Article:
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Thursday, May 23, 2024

Gluten-free cider is brought to Gainesville's Fourth Avenue Food Park

Dry Wrought Cider hosts soft opening of tap room at staple Gainesville grub hub

Dry Wrought Cider hosts a soft opening at Fourth Avenue Food Park Oct. 20.
Dry Wrought Cider hosts a soft opening at Fourth Avenue Food Park Oct. 20.

In 2012, 42-year-old retired teacher Tiffany Stone was caught in a state of utter disarray when she was suddenly diagnosed with Celiac disease, an autoimmune disease triggered by the consumption of gluten. Longtime beer connoisseurs, Stone and her husband, Ben, went gluten-free overnight. 

Disillusioned by the small market for dietary friendly alcohol, Ben Stone with his 34-year-old best friend and brother-in-law, Dale Tanner, began home-brewing to compensate for the lack of options Gainesville offered them at the time. 

Just short of a decade later, the Stones and Tanner would bring one of the biggest breweries for gluten-free and vegan cider to Gainesville: Dry Wrought Cider. What started as a simple hobby of brewing an occasional three liters of hard cider turned into an entrepreneurial venture, opening a warehouse at 1995 NE 31st Ave. by 2021.

Now, with growing popularity and a bigger budget, the Stones and Tanner have constructed and launched a tap room at Gainesville’s Fourth Avenue Food Park, home to several local food vendors such as Dick Mondell’s, Opus Coffee, Satch Squared and Fehrenbacher’s Artisan Sausages. 

On Oct. 20, Dry Wrought Cider opened its doors as part of its soft opening event in anticipation of its grand opening Nov. 10. From 6 p.m. to 8 p.m., passersby were welcome to sample and purchase some of the cidery’s staple beverages, as well as sample vegan snacks the facility hopes to sell. 

“We’re trying to establish a new niche here,” Ben, 38-year-old co-owner of Dry Wrought Cider, said. “It’s easy drinking, it tastes good.” 

As owners of Dry Wrought Cider, the Stones and Tanner said they commit to producing and providing unique forms of dry cider with flavors hard to find anywhere else. To stand out from other alcohol distributors in the area, Dry Wrought Cidery promotes its jalapeno, strawberry, hops, mulled and orange zest ciders. 

“As a diet-friendly product,” Ben said, “we already knew we have a small percentage of people who were purchasing alcohol.”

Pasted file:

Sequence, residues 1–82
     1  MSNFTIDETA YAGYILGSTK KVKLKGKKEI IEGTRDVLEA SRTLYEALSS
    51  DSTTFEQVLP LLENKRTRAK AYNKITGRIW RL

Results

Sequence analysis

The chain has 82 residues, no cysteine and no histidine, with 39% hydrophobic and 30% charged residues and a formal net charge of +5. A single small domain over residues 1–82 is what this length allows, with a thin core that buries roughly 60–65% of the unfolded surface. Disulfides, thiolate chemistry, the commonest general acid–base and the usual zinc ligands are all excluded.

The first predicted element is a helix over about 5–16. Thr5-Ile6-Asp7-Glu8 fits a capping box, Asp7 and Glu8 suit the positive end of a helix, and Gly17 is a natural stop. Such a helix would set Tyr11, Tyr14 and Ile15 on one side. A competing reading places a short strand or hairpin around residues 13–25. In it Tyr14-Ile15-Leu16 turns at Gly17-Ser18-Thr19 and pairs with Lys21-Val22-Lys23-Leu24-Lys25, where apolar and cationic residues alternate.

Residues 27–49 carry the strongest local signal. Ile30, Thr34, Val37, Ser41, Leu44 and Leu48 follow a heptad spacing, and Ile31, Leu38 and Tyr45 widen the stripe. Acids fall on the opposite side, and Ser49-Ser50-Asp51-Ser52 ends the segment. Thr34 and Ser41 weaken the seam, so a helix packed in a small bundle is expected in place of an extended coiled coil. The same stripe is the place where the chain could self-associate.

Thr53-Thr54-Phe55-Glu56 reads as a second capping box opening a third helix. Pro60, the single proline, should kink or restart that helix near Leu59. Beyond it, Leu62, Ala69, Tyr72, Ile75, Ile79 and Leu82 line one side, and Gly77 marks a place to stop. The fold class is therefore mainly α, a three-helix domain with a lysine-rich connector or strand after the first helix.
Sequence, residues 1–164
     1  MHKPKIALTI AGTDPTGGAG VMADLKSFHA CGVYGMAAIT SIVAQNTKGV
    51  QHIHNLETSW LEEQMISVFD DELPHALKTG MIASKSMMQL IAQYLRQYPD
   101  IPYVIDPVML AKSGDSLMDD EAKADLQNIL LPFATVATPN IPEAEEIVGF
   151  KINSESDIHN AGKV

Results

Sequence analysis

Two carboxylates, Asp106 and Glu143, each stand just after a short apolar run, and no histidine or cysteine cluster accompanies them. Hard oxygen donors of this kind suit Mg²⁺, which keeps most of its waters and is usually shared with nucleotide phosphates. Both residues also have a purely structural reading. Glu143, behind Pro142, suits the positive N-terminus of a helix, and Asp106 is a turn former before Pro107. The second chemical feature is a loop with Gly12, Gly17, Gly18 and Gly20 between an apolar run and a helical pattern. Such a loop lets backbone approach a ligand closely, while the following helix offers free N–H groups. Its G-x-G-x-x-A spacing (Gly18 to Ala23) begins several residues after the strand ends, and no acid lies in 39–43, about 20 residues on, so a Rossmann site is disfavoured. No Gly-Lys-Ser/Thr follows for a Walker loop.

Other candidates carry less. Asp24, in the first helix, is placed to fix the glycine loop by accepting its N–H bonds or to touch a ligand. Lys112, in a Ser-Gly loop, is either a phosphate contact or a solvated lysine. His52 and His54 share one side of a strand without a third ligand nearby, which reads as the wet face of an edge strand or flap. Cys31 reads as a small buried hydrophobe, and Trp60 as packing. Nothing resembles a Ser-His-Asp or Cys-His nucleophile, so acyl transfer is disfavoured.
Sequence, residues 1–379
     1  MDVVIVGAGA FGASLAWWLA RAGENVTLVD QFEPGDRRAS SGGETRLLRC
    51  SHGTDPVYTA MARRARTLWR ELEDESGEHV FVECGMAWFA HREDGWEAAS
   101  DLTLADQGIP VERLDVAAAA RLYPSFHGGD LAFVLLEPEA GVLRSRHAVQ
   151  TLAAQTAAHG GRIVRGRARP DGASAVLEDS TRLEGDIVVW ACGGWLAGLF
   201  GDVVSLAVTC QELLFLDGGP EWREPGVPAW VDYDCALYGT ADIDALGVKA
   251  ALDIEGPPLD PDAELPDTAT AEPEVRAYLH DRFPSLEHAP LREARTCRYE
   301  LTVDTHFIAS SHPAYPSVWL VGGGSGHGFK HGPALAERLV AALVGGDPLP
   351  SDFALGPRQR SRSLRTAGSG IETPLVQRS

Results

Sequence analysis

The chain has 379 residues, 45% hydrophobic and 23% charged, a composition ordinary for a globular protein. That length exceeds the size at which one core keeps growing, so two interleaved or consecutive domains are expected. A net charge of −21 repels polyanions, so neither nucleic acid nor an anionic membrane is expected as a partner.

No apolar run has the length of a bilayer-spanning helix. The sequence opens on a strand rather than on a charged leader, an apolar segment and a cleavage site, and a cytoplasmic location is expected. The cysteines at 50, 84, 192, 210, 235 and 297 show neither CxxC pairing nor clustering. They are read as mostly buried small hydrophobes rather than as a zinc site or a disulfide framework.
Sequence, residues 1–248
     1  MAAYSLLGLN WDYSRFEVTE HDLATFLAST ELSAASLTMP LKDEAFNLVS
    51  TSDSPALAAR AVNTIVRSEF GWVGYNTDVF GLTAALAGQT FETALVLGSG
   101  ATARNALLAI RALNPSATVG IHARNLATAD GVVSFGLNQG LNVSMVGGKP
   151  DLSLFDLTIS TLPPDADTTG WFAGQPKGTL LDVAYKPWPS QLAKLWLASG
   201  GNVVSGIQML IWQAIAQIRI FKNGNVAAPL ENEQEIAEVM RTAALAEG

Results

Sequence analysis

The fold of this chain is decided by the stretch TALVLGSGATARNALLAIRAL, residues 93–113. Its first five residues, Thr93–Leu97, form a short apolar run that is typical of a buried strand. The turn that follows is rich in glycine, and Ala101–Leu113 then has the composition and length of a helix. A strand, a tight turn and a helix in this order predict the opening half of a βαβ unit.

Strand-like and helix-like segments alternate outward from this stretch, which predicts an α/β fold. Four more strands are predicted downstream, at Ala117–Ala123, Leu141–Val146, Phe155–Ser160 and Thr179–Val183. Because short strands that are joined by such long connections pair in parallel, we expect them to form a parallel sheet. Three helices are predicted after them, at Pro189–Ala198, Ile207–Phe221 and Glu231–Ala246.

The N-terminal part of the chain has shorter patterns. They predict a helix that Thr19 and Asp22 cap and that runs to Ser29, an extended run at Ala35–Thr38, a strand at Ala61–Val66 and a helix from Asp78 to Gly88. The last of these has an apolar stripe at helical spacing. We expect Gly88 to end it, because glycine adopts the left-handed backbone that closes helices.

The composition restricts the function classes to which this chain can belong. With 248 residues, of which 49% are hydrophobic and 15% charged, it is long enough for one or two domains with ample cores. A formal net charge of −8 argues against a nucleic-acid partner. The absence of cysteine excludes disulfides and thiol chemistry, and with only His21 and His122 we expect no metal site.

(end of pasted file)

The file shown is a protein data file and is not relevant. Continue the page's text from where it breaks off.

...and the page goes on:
With plans to pursue their business in early 2020, the Stones and Tanner were caught in the crossfire of the COVID-19 pandemic, challenged with the inability to obtain a business license until the very end of the year. But despite these challenges, Tiffany described them as a “blessing in disguise.” 

“It gave us so much time to establish our production protocols,” she said. “Without COVID, I don’t think I would have had a distribution company.” 

Tiffany now manages the distribution for Dry Wrought Cider, delivering her and her family’s products to small stores and markets throughout the state, including Orlando, Daytona Beach and Jacksonville. In Gainesville, the company’s ciders can be found in restaurants such as Boca Fiesta and Dragonfly Sushi and Sake Co., as well as grocery stores such as Ward’s Supermarket at Northwest 23rd Avenue. 

The success of Dry Wrought Cider since its opening has also been felt nationwide, having won the Florida Producer of the Year award at the New York International Cider Competition in February, a showcase of around 300 cideries from around the world, Tanner said. 

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“It’s awesome to have other people in the industry recognize that you’re making good product,” Tanner said, “because they’re the ones that know best.” 

With initial plans to open a tap room close to the Dry Wrought Cider factory, Ben said he collaborated with Tim Larson, co-owner of Opus Coffee, to open a tap room in a building he had ownership of.

“We were looking for a spot without too much build-out,” he said about Fourth Avenue Food Park. “Something a little bit more ready-made, realistic and less polished.” 

In constructing the facility, Ben aimed to appeal to the average person, uninterested in looking like a “martini bar.”

But above all, the Stones and Tanner, the latter who was also diagnosed with Celiac disease, said Dry Wrought Cider’s expansion is important for reaching a broader group of people who struggle with the same dietary restrictions they do. 

“As people who had to stop drinking beer and figure out a different lifestyle,” Ben said, “we want to give (people) a safe product that wasn’t made on shared equipment.” 

With no extra staff, the Stones and Tanner have built their taproom at Fourth Avenue Food Park from the ground up. With pastel color patterns bracing its walls, Dry Wrought Cider hopes to catch the eye of any who pass by, 

“We want to increase our visibility as a product,” Ben said. “We also want to increase our visibility in the food park so people will recognize us as they go there.” 

Upon officially opening at Fourth Avenue Food Park Nov. 10, he said Dry Wrought Cider’s days of operation include Wednesdays, Fridays, Saturdays and Sundays, with hours subject to change. 

Contact Jared Teitel at jteitel@alligator.org. Follow him on Twitter @jaredteitel.


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Jared Teitel

Jared Teitel is a third-year journalism major, and this is his second semester as an Avenue reporter. In his free time, he enjoys running, shopping, and drinking coffee. 


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